I will say yes just so I can speak to this rather odd statement (though I almost always cave in and sell those shoes that don't fit me well).

You have made a major assumption here that people purchase things with a hope that they will fit properly because of what's inside of the shoe (label) but have you considered it may be the shoe itself rather than the label a person is interested in?

If I am lacking some brown suede monks and come across a pair at an attractive price and pull the trigger only to find they don't fit as well as I had hoped but I keep them in rotation out of pure stubbornness what am I then? What if I really like a particular shoe but the last just isn't right for my feet but my desire for the appearance of the shoe wins out over the issues with fit what then?

What a strange post.

To answer for myself - I have found that fit is playing a more and more important role in my shoe choices but there are a few pairs where the fit bothers me.
post #37 of 62
I have a few pairs of shoes that aren't perfect fits. They were often bought when I wasn't wearing the type of socks I'd generally wear with them and under/overestimated the difference the sock would make. For instance, I have a pair of loafers that I bought intending to wear without socks, but didn't try them on that way. I overestimated the amount larger they'd fit without them and now I have a shoe that's probably half a size too small, though I did wear them a few times. I'm deciding on whether to try to stretch them or just give them to my brother. If I thought he'd wear them, I'd do the latter, but he isn't really the tassel loafer type. On one or two other occasions I have shoes that are a tiny bit too big if I'm wearing thin socks, this has happened to me particularly with a pair of monkstraps as I can't lace them tighter to accomodate the difference in sock width. When I want to wear them with thin socks, I just slip one of those cheap, thin Dr. Scholls insoles into them (the thin foam/fabric ones, not the thicker gel ones) and the few millimeters that this adds mades them fit perfectly again.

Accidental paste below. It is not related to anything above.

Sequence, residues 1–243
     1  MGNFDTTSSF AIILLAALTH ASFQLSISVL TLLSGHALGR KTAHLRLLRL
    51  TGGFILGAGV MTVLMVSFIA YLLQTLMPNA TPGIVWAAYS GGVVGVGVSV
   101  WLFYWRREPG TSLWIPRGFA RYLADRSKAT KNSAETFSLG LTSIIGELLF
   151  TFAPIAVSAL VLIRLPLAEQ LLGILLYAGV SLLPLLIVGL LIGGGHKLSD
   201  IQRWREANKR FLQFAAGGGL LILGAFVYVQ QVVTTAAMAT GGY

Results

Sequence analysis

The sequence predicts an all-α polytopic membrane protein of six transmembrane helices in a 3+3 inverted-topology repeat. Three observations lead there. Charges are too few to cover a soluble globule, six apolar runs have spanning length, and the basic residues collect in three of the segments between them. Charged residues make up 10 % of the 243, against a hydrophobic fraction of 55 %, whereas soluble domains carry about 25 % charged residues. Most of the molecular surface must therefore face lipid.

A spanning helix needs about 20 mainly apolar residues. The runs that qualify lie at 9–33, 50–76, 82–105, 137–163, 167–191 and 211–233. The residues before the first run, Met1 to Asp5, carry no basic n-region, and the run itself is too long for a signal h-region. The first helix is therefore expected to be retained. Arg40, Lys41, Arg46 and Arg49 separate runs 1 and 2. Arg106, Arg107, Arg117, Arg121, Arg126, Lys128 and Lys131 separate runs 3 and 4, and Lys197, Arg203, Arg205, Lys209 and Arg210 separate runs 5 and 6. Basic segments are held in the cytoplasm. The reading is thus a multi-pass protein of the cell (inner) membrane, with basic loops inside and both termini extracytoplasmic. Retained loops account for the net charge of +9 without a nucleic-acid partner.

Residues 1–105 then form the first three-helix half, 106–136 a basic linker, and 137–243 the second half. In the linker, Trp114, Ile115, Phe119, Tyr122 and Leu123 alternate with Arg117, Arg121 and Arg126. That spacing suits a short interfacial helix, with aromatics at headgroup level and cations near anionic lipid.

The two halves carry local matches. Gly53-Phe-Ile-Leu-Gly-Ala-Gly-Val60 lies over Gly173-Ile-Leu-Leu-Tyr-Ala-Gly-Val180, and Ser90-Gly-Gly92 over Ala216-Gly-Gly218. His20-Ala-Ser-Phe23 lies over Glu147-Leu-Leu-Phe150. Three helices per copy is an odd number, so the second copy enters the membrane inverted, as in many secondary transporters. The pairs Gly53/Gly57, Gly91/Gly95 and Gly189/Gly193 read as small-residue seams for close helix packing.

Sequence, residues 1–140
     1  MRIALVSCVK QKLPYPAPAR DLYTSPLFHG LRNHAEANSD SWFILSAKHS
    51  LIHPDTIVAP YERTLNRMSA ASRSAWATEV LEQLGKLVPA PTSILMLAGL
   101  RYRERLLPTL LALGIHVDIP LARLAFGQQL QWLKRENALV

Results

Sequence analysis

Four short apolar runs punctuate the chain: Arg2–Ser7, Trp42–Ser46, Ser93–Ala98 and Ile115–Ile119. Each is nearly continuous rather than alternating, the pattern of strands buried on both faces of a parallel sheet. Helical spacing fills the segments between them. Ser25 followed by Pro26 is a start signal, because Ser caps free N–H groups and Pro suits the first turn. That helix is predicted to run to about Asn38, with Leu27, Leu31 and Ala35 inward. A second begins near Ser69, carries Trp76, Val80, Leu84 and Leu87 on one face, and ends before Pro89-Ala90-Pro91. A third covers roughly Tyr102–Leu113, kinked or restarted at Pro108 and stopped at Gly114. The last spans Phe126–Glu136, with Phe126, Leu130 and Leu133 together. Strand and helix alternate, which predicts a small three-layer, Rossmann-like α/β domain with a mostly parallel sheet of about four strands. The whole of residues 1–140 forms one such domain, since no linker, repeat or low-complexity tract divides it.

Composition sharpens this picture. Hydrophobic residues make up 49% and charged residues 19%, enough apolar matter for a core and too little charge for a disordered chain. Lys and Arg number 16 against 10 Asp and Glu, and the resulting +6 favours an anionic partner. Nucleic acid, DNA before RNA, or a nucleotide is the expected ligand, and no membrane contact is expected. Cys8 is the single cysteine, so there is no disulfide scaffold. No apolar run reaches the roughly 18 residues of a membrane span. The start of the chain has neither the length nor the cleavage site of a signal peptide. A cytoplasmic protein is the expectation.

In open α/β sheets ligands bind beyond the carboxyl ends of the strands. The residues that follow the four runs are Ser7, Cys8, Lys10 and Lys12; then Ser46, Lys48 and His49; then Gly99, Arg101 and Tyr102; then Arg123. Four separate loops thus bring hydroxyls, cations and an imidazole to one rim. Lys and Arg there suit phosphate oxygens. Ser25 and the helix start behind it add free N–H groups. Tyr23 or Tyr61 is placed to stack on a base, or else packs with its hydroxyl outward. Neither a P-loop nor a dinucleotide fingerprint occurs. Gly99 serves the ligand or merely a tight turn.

post #38 of 62
Correct fit? So many people don't know what good fitting dress shoes should feel like.